Usually I refrain from scatology, but the BBC leaves me no other choice: the assertion of the BBC spokesperson, as quoted, is utter b u l l s h i t .

  30. Posted November 25, 2011 at 4:01 pm | Permalink

    What is tragic, but predictable, is that by avoiding unpleasant ideas and facts that conflict with our pop ideologies and power structure, we miss the data needed to cope with the future.

    So the Discovery Channel pandering to the “loudest voices” and bullies by telling half the story helps it’s audience to stay dum about this matter an be less equipped to respond.

    But for a young country there is no history or future and being rich allows you to keep uncomfortable reality at bay — for awhile anyway. Human nature — actually animal nature.

    It is instructive to see how the few bullies are always accommodated by the larger group.

  31. Cody Porter
    Posted November 25, 2011 at 4:24 pm | Permalink

    Thanks for bringing this to our attention.

  32. James Landis
    Posted November 26, 2011 at 12:18 am | Permalink

    A couple of things struck me about this post.

    First is that if the goal of petitioning Discovery to purchase the AGW episode is to increase awareness or change minds, I don’t really see that happening via direct confrontation. Given research that people when confronted with evidence contrary to their views just dig in deeper with what they already believe, it might even be counterproductive for Discovery to air this. Americans would have to be pretty far under a rock to not be aware of the AGW “debate”. And they’re not going to listen to some Brit saying it if they’re going to listen at all. Effort would be better spent pushing general skepticism and critical thinking skills that tackling controversial, emotional issues head-on.

    Second is that you’re encouraging people to lie to achieve your ends by telling people to make up a cable provider if they aren’t actually a cable subscriber. It would be better, if it were true, to tell Discovery that one reason you’re not a customer is because of things like this. But it’s not exactly censorship for them to make a business decision about what their viewers are likely to watch (and their sponsors are likely to pay for). We accuse religionists for underhanded tactics all the time – we shouldn’t resort to lying to achieve our ends, either.

    • Posted November 26, 2011 at 10:30 am | Permalink

      “We accuse religionists for underhanded tactics all the time – we shouldn’t resort to lying to achieve our ends, either.”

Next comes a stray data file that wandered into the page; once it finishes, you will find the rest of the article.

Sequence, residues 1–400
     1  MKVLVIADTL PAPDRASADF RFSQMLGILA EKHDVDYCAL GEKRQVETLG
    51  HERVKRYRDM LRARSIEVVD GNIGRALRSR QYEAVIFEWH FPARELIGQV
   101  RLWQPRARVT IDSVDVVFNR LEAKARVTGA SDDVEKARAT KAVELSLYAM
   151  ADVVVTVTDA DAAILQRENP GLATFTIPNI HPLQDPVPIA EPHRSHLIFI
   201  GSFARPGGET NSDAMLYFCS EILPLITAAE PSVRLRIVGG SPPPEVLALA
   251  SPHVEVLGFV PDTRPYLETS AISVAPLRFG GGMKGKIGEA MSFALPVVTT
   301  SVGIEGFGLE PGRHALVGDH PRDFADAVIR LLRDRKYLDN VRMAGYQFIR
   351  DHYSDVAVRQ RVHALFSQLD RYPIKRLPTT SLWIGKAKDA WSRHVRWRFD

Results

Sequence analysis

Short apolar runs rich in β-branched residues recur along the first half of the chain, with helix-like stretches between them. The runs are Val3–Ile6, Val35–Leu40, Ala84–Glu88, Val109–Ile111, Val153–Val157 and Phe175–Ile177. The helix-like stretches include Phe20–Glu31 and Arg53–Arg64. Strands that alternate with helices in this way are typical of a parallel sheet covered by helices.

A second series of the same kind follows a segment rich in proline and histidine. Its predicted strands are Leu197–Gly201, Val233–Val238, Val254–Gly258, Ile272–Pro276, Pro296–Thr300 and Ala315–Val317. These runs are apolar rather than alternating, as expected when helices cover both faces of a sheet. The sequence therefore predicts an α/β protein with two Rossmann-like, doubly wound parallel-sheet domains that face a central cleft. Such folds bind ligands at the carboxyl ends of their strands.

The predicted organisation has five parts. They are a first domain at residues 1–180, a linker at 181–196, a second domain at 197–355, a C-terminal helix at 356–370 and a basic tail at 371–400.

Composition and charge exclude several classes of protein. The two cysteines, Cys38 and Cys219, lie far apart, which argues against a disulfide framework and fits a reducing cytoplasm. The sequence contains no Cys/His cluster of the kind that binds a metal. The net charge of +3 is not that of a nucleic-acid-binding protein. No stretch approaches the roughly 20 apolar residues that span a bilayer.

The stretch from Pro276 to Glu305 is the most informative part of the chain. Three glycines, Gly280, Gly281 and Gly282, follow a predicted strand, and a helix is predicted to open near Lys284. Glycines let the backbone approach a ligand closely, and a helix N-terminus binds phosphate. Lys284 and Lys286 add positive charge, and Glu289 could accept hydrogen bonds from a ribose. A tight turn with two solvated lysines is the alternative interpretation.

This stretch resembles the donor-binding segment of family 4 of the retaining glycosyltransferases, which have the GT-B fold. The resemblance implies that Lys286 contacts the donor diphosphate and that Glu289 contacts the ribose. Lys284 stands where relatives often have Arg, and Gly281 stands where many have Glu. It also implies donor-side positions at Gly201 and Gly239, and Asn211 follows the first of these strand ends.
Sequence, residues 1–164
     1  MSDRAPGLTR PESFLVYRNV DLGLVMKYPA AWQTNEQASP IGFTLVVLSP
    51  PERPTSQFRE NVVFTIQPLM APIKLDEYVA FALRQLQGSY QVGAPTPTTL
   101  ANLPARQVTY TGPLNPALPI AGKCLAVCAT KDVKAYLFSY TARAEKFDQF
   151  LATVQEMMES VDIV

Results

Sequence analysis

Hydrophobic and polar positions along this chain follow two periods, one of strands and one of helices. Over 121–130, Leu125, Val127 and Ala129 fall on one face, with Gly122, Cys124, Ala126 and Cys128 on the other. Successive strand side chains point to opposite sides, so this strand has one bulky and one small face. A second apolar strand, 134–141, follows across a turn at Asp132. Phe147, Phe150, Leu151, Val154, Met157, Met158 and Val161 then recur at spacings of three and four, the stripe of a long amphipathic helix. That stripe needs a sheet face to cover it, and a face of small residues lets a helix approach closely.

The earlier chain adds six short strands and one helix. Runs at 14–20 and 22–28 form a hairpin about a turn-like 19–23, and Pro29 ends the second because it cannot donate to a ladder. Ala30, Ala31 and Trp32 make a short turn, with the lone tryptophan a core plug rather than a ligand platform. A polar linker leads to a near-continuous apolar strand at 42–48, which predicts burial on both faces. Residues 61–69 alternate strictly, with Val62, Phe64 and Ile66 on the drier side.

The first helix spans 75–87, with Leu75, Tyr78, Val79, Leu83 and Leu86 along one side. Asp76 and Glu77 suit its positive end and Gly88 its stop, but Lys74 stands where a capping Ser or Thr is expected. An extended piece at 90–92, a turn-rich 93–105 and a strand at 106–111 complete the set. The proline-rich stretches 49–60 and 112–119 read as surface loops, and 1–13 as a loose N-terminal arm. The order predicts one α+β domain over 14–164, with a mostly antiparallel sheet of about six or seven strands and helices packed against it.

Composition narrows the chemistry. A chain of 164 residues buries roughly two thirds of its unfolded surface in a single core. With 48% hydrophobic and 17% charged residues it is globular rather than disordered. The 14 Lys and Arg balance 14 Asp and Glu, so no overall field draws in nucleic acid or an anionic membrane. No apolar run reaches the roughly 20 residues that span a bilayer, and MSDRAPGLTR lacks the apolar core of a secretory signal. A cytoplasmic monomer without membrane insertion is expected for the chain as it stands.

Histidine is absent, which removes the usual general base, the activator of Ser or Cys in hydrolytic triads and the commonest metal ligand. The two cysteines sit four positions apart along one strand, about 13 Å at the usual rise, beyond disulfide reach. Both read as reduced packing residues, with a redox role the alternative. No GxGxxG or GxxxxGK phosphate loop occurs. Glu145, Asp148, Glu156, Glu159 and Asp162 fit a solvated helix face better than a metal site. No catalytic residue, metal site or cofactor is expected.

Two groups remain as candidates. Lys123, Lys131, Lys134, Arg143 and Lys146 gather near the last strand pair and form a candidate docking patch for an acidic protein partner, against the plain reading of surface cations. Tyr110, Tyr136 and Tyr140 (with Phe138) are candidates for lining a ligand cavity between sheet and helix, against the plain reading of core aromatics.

I think it’s OK to lie on forms that ask for information that is either not relevant or demands information you don’t trust the recipient with.

      It’s hardly an underhand tactic.

      • Posted November 26, 2011 at 10:36 am | Permalink

        It’s much more of an underhand tactic to ask for irrelevant information in the first place.

    • whyevolutionistrue
      Posted November 26, 2011 at 10:54 am | Permalink

      I would never lie deliberately on a form, but, as I recall, you HAVE TO specify a cable provider to get your message through; that’s one of the required items. So if you don’t specify one of the cable providers, the message doesn’t get to Discover. I didn’t feel bad making one up in this case, and at any rate I’m one of the very, very few Americans who doesn’t have cable.

      • Posted November 26, 2011 at 11:11 am | Permalink

        This is a perfectly good reason to lie on a form and if you feel guilty about it you can always confess in your comment.

        The form isn’t in charge.

      • sasqwatch
        Posted November 26, 2011 at 11:46 am | Permalink

        One of the few… the proud…

        (abandoned cable myself in 1996 after the disastrous Telecommunications Act gave away bandwidth the American public owned by birthright) The media powers-that-be have been lying so long and so completely — have essentially destroyed a key balance that used to exist in the States… have essentially destroyed what passed for democracy here – quite probably forever.

        And James Landis gets a moral conniption from lying on a form to provide an opinion?

        • anonymous
          Posted November 28, 2011 at 1:34 pm | Permalink

          American Bill Making Process:

          1. Deregulate the private sector
          2. ???
          3. [Corporate] Profit!

    • Jim Mauch
      Posted November 29, 2011 at 8:57 pm | Permalink

      This is not about forcing evidence on global warming deniers This is about letting the networks know that there is a large audience out there that has no problem being challenged. It is is about telling the network that they should not miss this business opportunity by neglecting this audience.

      • Posted November 30, 2011 at 9:20 am | Permalink

        It’s about countering the pressure tactics of an extreme minority with the same tactics they use in services of evidence-based knowledge and information.

        It’s about effectively opposing extremist censorship in the public media.

        The tactics that work for them will work for us.

  33. zengardener
    Posted November 26, 2011 at 9:46 am | Permalink

    To educate, one must challenge the student’s beliefs.

    This is just cowardly pandering.

    Shame all around.

  34. Posted November 26, 2011 at 3:15 pm | Permalink